On Thu, 28 Dec 2017 22:23:32 +0000, Diesel wrote:

didn't tell his linux machine he was done with the drive and just
pulled it.


How many more times do I have to state that that was not the
case?

Regards,


Alright. here's a simple test you can perform if it happens again to
you in the future. open a console, navigate to the folder that you
think Windows is pretending is empty. type dir /a and see what you
get. Unless file system corruption has taken place, or windows thinks
it has, regardless of file manager or attribute settings, you will
see the folder contents, regardless of file extension. Btw, even if
windows thinks some file corruption has occured, dir /a usually will
still show some stuff to you; but the filenames and/or filesizes
might be way off; further indicating a problem with the file system,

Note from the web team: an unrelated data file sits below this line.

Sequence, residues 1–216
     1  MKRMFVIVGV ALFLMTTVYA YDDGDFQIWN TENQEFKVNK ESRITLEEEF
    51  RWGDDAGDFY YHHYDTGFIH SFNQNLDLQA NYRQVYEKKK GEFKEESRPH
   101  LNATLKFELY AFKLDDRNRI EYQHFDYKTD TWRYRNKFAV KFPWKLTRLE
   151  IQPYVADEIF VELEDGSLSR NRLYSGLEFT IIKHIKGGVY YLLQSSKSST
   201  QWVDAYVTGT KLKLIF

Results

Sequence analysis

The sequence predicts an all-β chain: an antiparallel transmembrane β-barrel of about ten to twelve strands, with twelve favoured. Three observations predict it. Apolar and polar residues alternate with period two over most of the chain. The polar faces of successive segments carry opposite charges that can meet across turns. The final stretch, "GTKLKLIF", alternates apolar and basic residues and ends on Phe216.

not the OS.

And as I said previously, just because linux sees something don't
assume it's all gravy. Linux I've learned has various 'cheats' it
will use to do it's best to retrieve that file and it's contents for
you, even if the storage medium and/or file system is partially
damaged/corrupt. It's so damn good at it infact, I routinely use a
linux box to perform data recovery these days. It's much more fault
tolerant due to the tricks it uses. I have external drive kits, that
I can attach ide/sata to and plugin to a usb port. So I can checkout
the drive without any security restrictions, permissions, etc,
getting in my way. Fantastic for exploring/accessing ntfs drives that
may/may not be damaged in some way. User permissions aren't
recognized on ntfs under linux, so a users 'private' folders (short
of using crypto) aren't so private anymore.